Dementia research grant winners announced
Twenty nine of Australia’s best and brightest young scientists will share in $2.5 million to conduct ground-breaking dementia research, following an announcement today by the Alzheimer’s Australia Dementia Research Foundation, naming the 2013 grant recipients. Alzheimer’s Australia National President, Ita Buttrose said: “The grants will allow researchers to start working on some of the biggest challenges in the field of dementia research.
Collaborating for a Better Future for Australians Living with Alzheimer's Disease
Ita Buttrose: Common decency and respect costs nothing. 2013 Australian of the Year and Alzheimer’s Australia National President, Ita Buttrose, has released a report, Quality of Residential Care: The Consumer Perspective, which calls for urgent action to improve the quality of residential aged care.
Encouraging new era in dementia research
The commitment of an additional $200 million over five years for dementia research by the Abbott Government promises a new era in dementia research in Australia, says Ita Buttrose. Speaking at tonight’s National Health Medical Research Council (NHMRC) dinner, Ms Buttrose, Australian of the Year and National President of Alzheimer’s Australia said: “The decision to commit additional funding is an encouraging step forward in Australia’s effort to ultimately beat dementia.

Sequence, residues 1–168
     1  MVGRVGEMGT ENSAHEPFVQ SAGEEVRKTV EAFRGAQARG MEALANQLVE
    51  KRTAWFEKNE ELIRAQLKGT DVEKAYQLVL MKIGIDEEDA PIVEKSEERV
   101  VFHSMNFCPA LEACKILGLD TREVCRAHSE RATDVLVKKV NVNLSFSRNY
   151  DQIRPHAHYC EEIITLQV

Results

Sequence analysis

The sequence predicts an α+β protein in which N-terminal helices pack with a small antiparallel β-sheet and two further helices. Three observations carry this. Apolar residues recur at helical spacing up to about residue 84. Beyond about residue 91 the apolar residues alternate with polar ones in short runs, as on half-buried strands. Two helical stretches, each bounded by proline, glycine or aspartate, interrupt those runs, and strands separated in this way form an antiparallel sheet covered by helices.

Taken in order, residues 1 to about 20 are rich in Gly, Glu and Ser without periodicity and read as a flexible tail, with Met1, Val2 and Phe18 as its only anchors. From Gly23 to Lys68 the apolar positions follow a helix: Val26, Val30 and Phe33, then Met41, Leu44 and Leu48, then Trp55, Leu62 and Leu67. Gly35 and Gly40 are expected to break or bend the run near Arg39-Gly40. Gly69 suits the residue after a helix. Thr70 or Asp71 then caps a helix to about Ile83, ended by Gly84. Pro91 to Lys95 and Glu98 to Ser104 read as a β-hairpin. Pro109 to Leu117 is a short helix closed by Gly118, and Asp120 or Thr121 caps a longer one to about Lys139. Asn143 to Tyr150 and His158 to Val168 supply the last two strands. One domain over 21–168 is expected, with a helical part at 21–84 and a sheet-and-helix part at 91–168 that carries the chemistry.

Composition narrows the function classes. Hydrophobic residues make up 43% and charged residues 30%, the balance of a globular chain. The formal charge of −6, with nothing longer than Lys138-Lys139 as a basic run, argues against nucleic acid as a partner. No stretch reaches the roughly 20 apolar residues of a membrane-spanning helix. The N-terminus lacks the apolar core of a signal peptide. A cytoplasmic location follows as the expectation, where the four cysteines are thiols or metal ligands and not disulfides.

What is really going on in aged care?
Alzheimer’s Australia has today called on the Government to do more to protect the legal and human rights of nursing home residents, after new research reported in the Medical Journal of Australia revealed that up to 70% of residents are being given potentially dangerous antipsychotic or sedative medication.
A new approach to dementia care
Today, Ita Buttrose, National President of Alzheimer’s Australia, will announce six innovative projects that turn existing dementia research into quality dementia care.
Dementia centre stage of health policy internationally
A policy brief launched today by Alzheimer's Disease International (ADI) has reported that the number of people living with dementia worldwide in 2013 is now estimated at 44 million (estimated at 35 million in 2010) reaching 76 million in 2030 (66 million) and 135 million by 2050 (115 million).
Talking now ensures end of life wishes respected
People need to plan now so they can have a say about their future end of life care, an expert in advanced care planning said in the lead up to an Alzheimer’s Australia Vic’s Advance Care Planning seminar. Associate Professor William Silvester, Director of the Respecting Patient Choices Program, a national health initiative on end of life health care, said that advance care planning enables people to make their medical treatment wishes known even when they have lost the ability to speak for themselves.